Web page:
Movie Review: 2:22

This is a decent enough movie, though there’s a reason it never received a wide cinematic release. How much you enjoy it will probably turn on how much you like explanations; the more you’re okay with fuzzy resolutions, the more you’re likely to enjoy this movie.

Dylan (Michiel Huisman) is an air traffic controller. He’s exceptionally good at it because he has a talent for seeing patterns, which helps him juggle airplanes in a very instinctive way. But one day he is distracted, and the result is a very close call for two airplanes.

Coincidentally, he meets Sarah (Teresa Palmer), who was a passenger on one of those planes. Instantly drawn to each other, they fall into a passionate love affair. Sarah’s ex-boyfriend, still lurking in the background, is less than pleased to see this.

Of greater importance, Dylan starts to see a pattern building around him, a pattern which he suspects may signal death for Sarah and himself.

The movie is set in New York, but filmed entirely in Australia, which explains why some fairly prominent Australian actors turn up in what are little more than bit parts. Mind you, if I hadn’t read the credits, I wouldn’t know this; they’ve worked their movie magic and it certainly looks like New York.

There’s quite a lot to enjoy in this movie. The cast is good, with convincing acting from all. The setting is believable. And initially at least, the increasing coincidences – or patterns – are built up in an intriguing manner. Indeed, I found myself thinking of Hitchcock movies as Dylan’s behaviour became increasingly erratic. As other characters question whether he’s unbalanced or seeing something no-one else is, the viewer asks the same question. Unfortunately, the movie stumbles shortly after this, and never gets anywhere close to the heights Hitchcock reached.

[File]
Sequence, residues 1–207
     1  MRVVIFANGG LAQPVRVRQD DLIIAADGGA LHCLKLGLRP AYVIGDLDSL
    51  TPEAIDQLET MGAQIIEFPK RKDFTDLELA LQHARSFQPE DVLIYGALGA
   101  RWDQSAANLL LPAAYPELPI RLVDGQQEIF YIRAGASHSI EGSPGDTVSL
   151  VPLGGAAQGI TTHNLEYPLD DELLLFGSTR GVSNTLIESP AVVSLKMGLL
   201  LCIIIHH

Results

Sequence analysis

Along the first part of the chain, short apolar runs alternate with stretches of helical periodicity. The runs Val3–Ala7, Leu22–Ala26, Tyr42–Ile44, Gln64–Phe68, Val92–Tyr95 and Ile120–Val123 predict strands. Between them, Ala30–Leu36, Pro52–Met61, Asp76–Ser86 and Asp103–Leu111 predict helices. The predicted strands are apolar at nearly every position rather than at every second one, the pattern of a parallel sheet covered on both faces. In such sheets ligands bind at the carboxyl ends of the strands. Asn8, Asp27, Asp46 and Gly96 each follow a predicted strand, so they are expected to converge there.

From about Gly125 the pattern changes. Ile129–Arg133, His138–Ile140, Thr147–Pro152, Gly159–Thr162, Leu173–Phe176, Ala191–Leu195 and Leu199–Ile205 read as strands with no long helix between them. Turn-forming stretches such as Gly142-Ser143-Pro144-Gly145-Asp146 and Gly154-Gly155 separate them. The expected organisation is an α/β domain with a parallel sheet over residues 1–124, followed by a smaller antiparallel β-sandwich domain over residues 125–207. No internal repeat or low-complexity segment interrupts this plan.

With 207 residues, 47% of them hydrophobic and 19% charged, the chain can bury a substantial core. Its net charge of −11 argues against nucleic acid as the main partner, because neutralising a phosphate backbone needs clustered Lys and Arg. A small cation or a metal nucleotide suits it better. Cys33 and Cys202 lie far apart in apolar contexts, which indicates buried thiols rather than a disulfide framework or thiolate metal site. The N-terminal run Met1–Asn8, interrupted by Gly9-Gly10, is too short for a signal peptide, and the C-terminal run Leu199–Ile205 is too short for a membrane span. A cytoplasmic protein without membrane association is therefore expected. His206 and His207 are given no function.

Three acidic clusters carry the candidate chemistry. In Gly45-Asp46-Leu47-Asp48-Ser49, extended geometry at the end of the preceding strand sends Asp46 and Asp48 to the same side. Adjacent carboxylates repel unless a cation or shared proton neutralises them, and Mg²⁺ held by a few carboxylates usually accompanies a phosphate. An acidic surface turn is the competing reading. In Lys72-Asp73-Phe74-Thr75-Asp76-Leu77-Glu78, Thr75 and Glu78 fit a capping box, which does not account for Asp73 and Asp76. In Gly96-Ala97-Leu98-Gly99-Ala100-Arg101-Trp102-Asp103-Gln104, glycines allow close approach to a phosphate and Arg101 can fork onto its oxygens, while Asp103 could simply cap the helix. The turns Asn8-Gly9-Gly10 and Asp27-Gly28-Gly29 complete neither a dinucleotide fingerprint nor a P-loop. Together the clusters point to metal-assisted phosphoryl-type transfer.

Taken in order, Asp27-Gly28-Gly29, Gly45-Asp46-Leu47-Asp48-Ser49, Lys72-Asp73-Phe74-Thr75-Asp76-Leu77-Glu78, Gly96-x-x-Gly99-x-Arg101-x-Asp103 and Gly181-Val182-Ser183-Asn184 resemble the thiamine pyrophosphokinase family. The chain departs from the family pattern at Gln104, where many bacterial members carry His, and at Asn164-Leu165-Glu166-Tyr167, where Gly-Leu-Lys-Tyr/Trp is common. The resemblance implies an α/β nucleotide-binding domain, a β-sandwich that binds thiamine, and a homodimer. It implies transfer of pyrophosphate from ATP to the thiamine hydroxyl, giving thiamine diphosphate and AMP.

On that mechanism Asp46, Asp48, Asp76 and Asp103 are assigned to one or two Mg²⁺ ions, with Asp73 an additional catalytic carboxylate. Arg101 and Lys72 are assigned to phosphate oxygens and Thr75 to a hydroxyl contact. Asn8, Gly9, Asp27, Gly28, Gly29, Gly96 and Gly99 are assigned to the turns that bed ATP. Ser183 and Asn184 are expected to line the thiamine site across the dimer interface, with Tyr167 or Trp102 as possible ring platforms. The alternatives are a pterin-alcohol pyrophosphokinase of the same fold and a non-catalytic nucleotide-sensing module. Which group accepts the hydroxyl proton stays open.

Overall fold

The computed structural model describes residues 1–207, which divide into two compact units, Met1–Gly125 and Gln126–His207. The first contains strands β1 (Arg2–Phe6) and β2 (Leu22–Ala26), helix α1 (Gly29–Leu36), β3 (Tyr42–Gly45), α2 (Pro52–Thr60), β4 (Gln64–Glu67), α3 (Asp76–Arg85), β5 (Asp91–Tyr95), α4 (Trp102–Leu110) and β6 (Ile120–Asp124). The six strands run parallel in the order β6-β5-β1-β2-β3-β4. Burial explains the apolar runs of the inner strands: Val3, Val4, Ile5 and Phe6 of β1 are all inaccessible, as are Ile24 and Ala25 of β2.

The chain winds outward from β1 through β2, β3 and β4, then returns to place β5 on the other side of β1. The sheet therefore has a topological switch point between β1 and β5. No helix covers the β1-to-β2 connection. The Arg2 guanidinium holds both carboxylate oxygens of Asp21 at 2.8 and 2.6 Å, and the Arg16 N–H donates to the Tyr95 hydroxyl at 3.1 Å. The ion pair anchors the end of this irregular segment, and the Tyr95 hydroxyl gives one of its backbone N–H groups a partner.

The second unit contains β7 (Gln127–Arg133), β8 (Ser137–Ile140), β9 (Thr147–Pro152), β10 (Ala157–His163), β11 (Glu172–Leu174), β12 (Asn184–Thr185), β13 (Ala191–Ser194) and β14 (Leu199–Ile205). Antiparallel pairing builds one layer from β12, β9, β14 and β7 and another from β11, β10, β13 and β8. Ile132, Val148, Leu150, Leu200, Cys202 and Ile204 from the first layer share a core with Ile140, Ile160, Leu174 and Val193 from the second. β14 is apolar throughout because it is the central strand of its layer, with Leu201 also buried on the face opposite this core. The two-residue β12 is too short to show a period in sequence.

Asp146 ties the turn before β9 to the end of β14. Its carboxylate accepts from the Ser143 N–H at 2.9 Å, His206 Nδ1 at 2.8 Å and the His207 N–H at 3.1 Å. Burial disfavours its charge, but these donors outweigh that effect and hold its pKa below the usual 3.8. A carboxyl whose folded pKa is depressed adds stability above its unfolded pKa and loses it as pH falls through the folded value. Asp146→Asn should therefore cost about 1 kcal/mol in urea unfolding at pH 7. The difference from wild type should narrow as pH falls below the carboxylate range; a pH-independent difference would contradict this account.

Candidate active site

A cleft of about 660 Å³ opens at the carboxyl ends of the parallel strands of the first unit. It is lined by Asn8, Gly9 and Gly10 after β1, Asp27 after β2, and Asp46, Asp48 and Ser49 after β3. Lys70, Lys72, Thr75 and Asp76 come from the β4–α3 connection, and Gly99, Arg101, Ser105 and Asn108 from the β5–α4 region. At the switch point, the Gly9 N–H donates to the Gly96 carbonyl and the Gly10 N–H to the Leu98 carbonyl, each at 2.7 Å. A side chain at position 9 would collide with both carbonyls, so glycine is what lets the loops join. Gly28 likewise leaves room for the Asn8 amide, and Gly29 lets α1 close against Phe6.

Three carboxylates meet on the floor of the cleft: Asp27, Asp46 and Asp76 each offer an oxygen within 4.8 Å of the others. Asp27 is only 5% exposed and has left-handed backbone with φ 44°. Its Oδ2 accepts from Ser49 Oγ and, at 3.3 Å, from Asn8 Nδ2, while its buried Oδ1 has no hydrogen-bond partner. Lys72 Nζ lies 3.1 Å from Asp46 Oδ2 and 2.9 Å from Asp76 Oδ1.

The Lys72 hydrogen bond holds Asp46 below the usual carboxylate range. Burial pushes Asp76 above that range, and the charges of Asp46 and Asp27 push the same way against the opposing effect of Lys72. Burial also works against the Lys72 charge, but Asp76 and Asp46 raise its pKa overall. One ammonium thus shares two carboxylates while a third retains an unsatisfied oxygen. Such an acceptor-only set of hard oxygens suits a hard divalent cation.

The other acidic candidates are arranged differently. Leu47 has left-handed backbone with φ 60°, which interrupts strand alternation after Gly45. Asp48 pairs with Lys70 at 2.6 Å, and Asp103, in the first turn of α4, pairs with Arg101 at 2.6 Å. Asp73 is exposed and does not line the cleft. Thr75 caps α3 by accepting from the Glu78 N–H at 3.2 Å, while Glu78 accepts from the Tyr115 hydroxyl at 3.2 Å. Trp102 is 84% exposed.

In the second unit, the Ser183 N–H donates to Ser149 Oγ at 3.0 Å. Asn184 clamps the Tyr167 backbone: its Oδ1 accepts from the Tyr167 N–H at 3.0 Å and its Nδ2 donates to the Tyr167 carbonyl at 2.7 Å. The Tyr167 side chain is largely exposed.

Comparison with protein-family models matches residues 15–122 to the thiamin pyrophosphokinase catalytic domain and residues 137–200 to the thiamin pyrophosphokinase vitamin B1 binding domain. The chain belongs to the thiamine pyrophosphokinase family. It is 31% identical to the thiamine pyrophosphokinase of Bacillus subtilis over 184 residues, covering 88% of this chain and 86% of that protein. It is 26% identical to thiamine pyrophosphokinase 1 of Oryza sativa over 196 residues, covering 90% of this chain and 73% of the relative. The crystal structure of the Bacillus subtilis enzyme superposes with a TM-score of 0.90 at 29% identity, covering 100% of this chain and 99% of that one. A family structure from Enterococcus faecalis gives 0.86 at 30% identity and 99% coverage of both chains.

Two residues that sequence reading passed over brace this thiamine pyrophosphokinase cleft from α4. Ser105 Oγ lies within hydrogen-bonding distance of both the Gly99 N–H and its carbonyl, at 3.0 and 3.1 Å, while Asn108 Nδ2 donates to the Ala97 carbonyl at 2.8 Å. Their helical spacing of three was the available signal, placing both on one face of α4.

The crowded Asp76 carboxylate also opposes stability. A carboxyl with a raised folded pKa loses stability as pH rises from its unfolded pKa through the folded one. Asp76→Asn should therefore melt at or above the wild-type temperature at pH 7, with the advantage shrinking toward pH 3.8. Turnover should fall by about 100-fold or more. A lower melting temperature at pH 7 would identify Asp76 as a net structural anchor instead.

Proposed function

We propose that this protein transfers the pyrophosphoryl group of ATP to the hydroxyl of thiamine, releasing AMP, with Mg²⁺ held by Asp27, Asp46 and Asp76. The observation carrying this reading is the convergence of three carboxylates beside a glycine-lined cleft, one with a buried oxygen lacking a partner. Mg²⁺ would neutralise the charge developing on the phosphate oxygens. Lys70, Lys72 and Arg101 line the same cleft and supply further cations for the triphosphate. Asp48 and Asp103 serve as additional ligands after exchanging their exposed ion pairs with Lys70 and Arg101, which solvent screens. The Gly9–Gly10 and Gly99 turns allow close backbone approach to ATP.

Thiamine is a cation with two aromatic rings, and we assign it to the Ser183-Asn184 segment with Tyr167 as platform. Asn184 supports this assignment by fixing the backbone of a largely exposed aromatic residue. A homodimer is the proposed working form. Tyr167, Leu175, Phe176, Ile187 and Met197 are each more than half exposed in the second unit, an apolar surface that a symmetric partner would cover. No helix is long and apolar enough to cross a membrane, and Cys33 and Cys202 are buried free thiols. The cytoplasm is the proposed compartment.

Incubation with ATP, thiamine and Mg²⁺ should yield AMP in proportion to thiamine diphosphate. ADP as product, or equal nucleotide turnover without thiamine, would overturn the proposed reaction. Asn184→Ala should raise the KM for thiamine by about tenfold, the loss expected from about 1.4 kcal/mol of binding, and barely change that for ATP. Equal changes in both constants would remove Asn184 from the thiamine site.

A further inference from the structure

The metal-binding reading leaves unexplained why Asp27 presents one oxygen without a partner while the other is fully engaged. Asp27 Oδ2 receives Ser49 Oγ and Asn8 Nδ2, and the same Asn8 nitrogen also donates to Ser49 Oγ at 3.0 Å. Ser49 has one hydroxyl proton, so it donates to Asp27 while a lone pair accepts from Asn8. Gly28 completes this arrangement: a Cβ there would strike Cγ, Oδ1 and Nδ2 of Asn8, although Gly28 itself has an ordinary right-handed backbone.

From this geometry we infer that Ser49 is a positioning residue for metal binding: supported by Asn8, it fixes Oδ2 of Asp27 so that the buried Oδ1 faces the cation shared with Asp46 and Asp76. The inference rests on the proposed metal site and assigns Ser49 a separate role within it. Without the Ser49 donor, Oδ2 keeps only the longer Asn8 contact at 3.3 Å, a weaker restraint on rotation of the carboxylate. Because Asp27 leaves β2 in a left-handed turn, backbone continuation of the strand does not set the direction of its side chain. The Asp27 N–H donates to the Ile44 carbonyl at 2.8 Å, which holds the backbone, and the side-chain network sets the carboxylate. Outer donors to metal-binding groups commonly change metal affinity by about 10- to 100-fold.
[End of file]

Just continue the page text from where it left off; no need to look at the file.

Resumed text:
Although the “what happens” is very clear, the “why” is left obscure. Was it fate? Reincarnation? Literally caused by the stars? This is never very clear. I rather suspect the scriptwriters were trying to have a bet each way, or perhaps had different ideas in different drafts, and never settled on one for the final. Either way, the result is muddy and confused and undermines the ending. Despite events being very clear, you’re left with a bewildered “what just happened?” feeling because the why is so unresolved. It may have been intended to be mysterious, but it just feels unfinished.

Still, I quite enjoyed this. The acting is solid, and the repeating pattern is well drawn. It’s tightly edited so that it doesn’t feel too long or drawn out. It was a pleasant way to spend an evening. However, I expected more from the last ten minutes.

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